Don’t Tell P&G That Brands Don’t Matter Anymore

Many legacy OG Brands are doing better than ever.

Many legacy OG Brands are doing better than ever.


It’s really time for the “brands don’t matter” conversations to stop.

The financial performances—and emerging strategies—of some of the biggest sellers of branded goods in the country is proving without a doubt that not only do consumers want to buy brands, but the names they want are often the very same ones their parents bought.

Call them OG Brands if you must, but companies like Proctor & Gamble, Kimberly-Clark and Unilever are benefiting from doubling down on their core labels while others like Kraft Heinz are learning the hard way that old brands need to be taught new tricks. For the retailers who count on these brands to drive their CPG businesses, the turnaround is critical.

P&G, in reporting its latest quarterly results earlier this week, attributed the stronger numbers to better sales—at better margins—for some of its most important brands, which include Tide, Pampers and Bounty. The quicker pick-up comes as the company has raised prices on some of these products, reversing an earlier strategy of cutting prices to be more competitive with secondary and private label brands.

Kimberly-Clark, which makes Huggies, and Unilever, whose brands include Dove and Hellman’s, also reported better numbers, citing similar moves.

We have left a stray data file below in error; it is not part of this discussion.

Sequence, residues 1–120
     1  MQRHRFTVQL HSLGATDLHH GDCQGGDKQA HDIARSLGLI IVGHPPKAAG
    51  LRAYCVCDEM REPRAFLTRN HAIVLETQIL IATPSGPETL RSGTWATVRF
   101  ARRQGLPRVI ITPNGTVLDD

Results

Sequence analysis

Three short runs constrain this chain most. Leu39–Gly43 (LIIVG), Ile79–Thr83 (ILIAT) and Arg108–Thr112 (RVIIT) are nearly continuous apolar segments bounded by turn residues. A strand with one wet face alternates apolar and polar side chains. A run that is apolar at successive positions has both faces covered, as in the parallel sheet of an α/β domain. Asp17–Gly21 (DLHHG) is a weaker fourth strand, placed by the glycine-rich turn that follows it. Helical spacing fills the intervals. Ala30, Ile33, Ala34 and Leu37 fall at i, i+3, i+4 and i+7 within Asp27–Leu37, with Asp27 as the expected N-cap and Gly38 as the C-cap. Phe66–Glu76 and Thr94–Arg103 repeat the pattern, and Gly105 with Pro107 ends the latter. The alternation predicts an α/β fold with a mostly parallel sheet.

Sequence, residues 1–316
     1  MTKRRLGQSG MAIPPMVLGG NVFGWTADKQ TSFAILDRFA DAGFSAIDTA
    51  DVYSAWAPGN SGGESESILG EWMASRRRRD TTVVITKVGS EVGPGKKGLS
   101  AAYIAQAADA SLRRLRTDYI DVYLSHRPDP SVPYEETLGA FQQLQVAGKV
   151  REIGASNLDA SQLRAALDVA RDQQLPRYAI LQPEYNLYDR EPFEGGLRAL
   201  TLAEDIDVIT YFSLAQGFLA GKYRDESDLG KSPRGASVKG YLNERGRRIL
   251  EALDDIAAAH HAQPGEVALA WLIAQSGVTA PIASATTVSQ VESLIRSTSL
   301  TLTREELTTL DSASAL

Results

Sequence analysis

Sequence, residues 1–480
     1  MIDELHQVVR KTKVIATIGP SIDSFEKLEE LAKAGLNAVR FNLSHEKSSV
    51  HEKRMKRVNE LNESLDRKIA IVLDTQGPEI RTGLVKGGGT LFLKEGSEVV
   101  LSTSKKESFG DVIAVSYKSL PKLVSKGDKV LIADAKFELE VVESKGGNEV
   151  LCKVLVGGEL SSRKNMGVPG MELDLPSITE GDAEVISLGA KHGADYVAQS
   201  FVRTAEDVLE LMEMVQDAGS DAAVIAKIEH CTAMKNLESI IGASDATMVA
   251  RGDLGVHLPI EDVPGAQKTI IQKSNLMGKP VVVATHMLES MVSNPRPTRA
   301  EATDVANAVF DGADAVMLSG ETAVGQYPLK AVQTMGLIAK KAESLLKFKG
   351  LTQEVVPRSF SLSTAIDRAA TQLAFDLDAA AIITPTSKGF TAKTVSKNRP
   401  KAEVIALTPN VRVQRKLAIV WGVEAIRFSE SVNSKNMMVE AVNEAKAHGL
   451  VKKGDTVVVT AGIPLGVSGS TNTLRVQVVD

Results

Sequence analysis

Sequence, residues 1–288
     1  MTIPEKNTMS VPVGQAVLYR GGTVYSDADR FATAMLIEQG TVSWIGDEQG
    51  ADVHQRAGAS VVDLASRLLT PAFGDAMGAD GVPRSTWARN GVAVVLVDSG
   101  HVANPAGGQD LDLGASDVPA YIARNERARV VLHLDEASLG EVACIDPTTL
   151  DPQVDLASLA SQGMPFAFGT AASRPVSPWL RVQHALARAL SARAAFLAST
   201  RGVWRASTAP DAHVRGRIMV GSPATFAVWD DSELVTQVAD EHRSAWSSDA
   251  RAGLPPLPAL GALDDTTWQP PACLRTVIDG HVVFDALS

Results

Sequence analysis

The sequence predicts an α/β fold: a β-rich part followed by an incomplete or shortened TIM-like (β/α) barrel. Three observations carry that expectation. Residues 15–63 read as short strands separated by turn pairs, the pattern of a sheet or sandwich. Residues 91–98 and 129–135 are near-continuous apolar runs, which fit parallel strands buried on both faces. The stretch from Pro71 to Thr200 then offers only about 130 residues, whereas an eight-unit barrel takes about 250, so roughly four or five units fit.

In fact, one of the few areas of weakness for P&G was its troubled Gillette brand that has come under fire from digital disrupters like Dollar Shave Club and Harry’s. The company has cut prices on the Gillette line but has not seen much in the way of performance improvements, perhaps confirming that price reductions on legacy brands are not necessarily the way to compete in the marketplace today.

An inattention to developing its brands has been cited as one of the problems besetting Kraft Heinz recently, resulting in disappointing financial results and a sudden change in CEOs. One of the first things the new head of the company said after getting the job was that Kraft Heinz had to find a way to revive its “dusty brands.”

Taken together, all of this rethinking—and resulting reversals in fortune—have to be causing consumer product goods suppliers and the retailers who sell them to once more pay better attention to the role national brands play in their merchandising assortments.

Even the slow but steady rise in the deployment and sales of private label house brands shows that consumers will respond to names they know, be they legacy labels or newcomers, as long as the market positioning justifies the pricing premium.

“If we do our job and continue to increase our superiority advantage and that translates into sustained market growth, we’ll be fine,” P&G finance head Jon Moeller said in a recent interview. “If we’re unable to do that, we’ll have challenges.”